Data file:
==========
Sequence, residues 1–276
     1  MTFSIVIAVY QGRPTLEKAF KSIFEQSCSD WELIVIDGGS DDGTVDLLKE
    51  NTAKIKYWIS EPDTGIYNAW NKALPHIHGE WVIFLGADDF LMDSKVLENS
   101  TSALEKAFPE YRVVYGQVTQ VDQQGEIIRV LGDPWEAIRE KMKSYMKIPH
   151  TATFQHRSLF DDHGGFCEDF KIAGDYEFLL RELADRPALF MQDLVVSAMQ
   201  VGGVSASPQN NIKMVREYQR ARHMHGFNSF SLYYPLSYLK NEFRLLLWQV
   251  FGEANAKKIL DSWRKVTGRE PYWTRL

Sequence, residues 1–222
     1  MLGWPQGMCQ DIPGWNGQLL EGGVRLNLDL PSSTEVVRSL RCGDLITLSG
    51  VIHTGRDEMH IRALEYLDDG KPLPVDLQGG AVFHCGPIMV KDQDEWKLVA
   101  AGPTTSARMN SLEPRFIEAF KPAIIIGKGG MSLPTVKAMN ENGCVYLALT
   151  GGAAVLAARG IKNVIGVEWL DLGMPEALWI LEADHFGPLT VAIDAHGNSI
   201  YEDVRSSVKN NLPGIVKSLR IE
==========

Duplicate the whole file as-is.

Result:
Sequence, residues 1–276
     1  MTFSIVIAVY QGRPTLEKAF KSIFEQSCSD WELIVIDGGS DDGTVDLLKE
    51  NTAKIKYWIS EPDTGIYNAW NKALPHIHGE WVIFLGADDF LMDSKVLENS
   101  TSALEKAFPE YRVVYGQVTQ VDQQGEIIRV LGDPWEAIRE KMKSYMKIPH
   151  TATFQHRSLF DDHGGFCEDF KIAGDYEFLL RELADRPALF MQDLVVSAMQ
   201  VGGVSASPQN NIKMVREYQR ARHMHGFNSF SLYYPLSYLK NEFRLLLWQV
   251  FGEANAKKIL DSWRKVTGRE PYWTRL

Sequence, residues 1–222
     1  MLGWPQGMCQ DIPGWNGQLL EGGVRLNLDL PSSTEVVRSL RCGDLITLSG
    51  VIHTGRDEMH IRALEYLDDG KPLPVDLQGG AVFHCGPIMV KDQDEWKLVA
   101  AGPTTSARMN SLEPRFIEAF KPAIIIGKGG MSLPTVKAMN ENGCVYLALT
   151  GGAAVLAARG IKNVIGVEWL DLGMPEALWI LEADHFGPLT VAIDAHGNSI
   201  YEDVRSSVKN NLPGIVKSLR IE